Supplementary material for this article is available at

This is an open-access article distributed under the terms of the Creative Commons Attribution-NonCommercial license, which permits use, distribution, and reproduction in any medium, so long as the resultant use is not for commercial advantage and provided the original work is properly cited.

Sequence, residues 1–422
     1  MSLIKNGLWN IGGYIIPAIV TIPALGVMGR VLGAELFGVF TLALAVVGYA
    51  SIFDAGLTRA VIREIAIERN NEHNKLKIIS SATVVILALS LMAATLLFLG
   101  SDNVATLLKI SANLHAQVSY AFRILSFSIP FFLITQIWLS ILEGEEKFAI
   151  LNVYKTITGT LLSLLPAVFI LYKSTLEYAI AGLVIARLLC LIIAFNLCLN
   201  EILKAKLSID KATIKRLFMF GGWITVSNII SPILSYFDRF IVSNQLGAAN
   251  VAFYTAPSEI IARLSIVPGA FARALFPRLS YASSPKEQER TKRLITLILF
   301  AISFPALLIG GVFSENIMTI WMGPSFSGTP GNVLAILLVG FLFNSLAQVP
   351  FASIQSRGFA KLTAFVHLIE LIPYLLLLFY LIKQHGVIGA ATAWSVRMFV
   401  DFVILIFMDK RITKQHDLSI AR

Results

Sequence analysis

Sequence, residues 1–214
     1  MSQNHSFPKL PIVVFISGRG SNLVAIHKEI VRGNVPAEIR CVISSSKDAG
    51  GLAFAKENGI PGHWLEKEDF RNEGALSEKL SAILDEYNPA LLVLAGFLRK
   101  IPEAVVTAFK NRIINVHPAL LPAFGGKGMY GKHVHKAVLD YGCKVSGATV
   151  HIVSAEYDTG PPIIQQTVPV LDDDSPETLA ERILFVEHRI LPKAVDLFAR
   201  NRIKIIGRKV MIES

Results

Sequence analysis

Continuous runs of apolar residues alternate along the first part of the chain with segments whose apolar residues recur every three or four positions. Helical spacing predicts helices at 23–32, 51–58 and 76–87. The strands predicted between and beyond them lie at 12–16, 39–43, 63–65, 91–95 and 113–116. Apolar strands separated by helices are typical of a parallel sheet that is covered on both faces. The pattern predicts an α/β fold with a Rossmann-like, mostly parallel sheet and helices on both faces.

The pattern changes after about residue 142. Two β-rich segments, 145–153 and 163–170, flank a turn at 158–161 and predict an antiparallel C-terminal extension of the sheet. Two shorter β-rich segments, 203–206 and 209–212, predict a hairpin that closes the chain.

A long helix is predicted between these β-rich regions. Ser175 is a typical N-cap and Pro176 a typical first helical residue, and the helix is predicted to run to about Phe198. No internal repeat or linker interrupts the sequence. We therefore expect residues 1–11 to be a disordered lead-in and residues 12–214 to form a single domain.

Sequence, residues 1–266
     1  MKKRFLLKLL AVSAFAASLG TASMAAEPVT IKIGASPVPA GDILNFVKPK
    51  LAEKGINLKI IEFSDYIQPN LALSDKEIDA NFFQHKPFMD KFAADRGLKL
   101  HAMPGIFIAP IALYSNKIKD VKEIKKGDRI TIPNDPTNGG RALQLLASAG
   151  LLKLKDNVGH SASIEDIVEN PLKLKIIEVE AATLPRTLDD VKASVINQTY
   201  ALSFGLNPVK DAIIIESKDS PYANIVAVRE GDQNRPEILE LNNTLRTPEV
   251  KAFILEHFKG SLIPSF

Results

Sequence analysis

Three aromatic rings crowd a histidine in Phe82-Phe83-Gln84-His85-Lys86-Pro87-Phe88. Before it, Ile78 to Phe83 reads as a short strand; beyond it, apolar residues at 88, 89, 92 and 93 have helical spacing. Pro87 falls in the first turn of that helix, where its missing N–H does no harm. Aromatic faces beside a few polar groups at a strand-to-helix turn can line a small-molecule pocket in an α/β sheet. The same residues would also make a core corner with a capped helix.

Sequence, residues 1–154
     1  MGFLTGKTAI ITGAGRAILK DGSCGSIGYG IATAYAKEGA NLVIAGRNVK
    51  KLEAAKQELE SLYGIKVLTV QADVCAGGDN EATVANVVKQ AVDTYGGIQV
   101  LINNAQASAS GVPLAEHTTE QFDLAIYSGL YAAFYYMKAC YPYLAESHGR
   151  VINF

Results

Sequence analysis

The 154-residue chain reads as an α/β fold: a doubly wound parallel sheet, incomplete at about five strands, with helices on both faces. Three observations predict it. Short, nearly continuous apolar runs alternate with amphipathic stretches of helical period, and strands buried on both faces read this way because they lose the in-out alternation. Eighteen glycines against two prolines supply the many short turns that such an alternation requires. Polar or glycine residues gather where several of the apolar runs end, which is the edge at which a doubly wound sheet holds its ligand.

Acknowledgments: We thank two undergraduate research apprentices, I. Rice and A. Prasad, who helped train and test the animals. We thank L. Johnston and J. Elie for insightful comments on the manuscript and D. Perkel and A. Leblois for contributing the song stimuli. Funding: This research was funded by NIDCD R01 018321 to F.E.T. and an NSF graduate fellowship DGE 1752814 to K.Y. Author contributions: Experimental design: W.E.W. and F.E.T.; investigation: W.E.W., K.Y., and F.E.T.; data analyses and visualizations: K.Y.; writing, original draft: K.Y. and F.E.T.; writing, review and editing: W.E.W., K.Y., and F.E.T. Competing interests: The authors declare that they have no competing interests. Data and materials availability: All data needed to evaluate the conclusions in the paper are present in the paper and/or the Supplementary Materials. Data (trial by trial data and stimulus audio files), code used for analysis, and documentation are available on GitHub at Additional data related to this paper may be requested from the authors.